On Melancholy

LittleTalbot-5

I can barely conceive of a type of beauty in which there is no melancholy.
-Baudelaire
I stumbled on an article yesterday, entitled “The Benefits of a Blue Period.”  In short, the article posited that periods of melancholy in our lives allow us to more greatly appreciate periods of happiness.  I read the article with great curiosity and enthusiasm, as I wholeheartedly agreed with the hypothesis.  One of my favorite professors at Wake Forest, Eric Wilson, wrote a book to this end entitled Against Happiness: In Praise of Melancholy.  It is a brilliant little book, and I have read my copy multiple times.
Professor Wilson taught me to love Blake, and Wordsworth, and Shelley, and especially Keats, who wrote a beautiful poem entitled Ode on Melancholy, where he observed that pleasure and melancholy are two sides of the same coin (Keats’ metaphors are, of course, far more elegant); one cannot fully appreciate the prior without having first experienced the latter.  A rose is beautiful because it must die, because it is, at its core, ephemeral, as life itself is.
I took this photograph of my son, Kemper, earlier this year at Big Talbot Island State Park, just north of Jacksonville, Florida.  It is not the most elegant composition, but it evoked the memory of sitting in Professor Wilson’s class, engrossed as he discussed the wild Blake, and the addled Shelley, and the elder statesman, Wordsworth.  In 2007, I visited Dove Cottage, Wordsworth’s home, and I personally bore witness to the Lake District’s daffodils he was so fond of as I wandered lonely as a cloud.  I would soon thereafter realize, however, that I had not yet experienced true loneliness and solitude.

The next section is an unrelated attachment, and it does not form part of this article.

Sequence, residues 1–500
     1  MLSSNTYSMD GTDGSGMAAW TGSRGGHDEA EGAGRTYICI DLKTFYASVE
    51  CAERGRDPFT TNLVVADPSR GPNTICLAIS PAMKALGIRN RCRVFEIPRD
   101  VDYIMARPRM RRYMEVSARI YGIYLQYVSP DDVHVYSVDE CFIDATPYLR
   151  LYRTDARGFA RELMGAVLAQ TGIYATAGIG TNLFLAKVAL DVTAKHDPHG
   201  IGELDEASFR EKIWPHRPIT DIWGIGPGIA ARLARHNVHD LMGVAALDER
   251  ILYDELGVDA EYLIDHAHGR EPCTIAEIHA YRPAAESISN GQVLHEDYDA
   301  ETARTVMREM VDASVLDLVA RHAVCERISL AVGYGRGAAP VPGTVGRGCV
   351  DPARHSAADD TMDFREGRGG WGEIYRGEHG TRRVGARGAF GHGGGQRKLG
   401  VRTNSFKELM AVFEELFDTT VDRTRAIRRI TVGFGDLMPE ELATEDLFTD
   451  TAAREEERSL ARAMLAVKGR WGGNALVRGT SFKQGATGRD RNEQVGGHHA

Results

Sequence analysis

I have found myself in the depths of melancholy, with a singleness of isolation and anguish.  I was no better (or worse) than Coleridge, whose consumption of laudanum sustained his melancholic madness (that brought us Kubla Khan) until his death at 61.  I often thought I would end up like Coleridge, though with the ignominious distinction of anonymity to all but those who loved me.  Yet I persisted with my own course of self-medication until I was thirty.
I cannot say that I, with a fit of passion and self-realization, quickly emerged from the chasm of melancholy where I had made my home for nearly a decade.  My ascent was gradual, albeit progressive.  At some point along the way, I cannot say when, I gained the perspective of the Romantics – I did not regret the melancholy of my twenties, nor did I wish to shut the door on it.  I had been humanized and humbled by the darkness; because of it, the light shone that much brighter.  I am indebted to Professor Wilson for planting the seed, which, though it lay fallow for years, eventually grew of solid stock.
A rose plucked from a garden is beautiful because it must die, as all beautiful things must, one day, come to an end.  A silk rose in a glass vase is a pale imitation because it possesses no vitality, it is a mere imitation.  I recognize that I am an imitation – not a mimic, but a feigned likeness of a whole human held out to the world – a world, which chooses, most often, to accept me for what I seem rather than peering behind the curtain to who I truly am.
Before I get to afar afield, let me bring us back to melancholy and to a close.  As I am grateful to Professor Wilson, I am grateful for my melancholic past, and, yes, even for the fits of melancholy that I will continue to experience throughout my life.  Emerging from the darkness, the light is all the more vivid.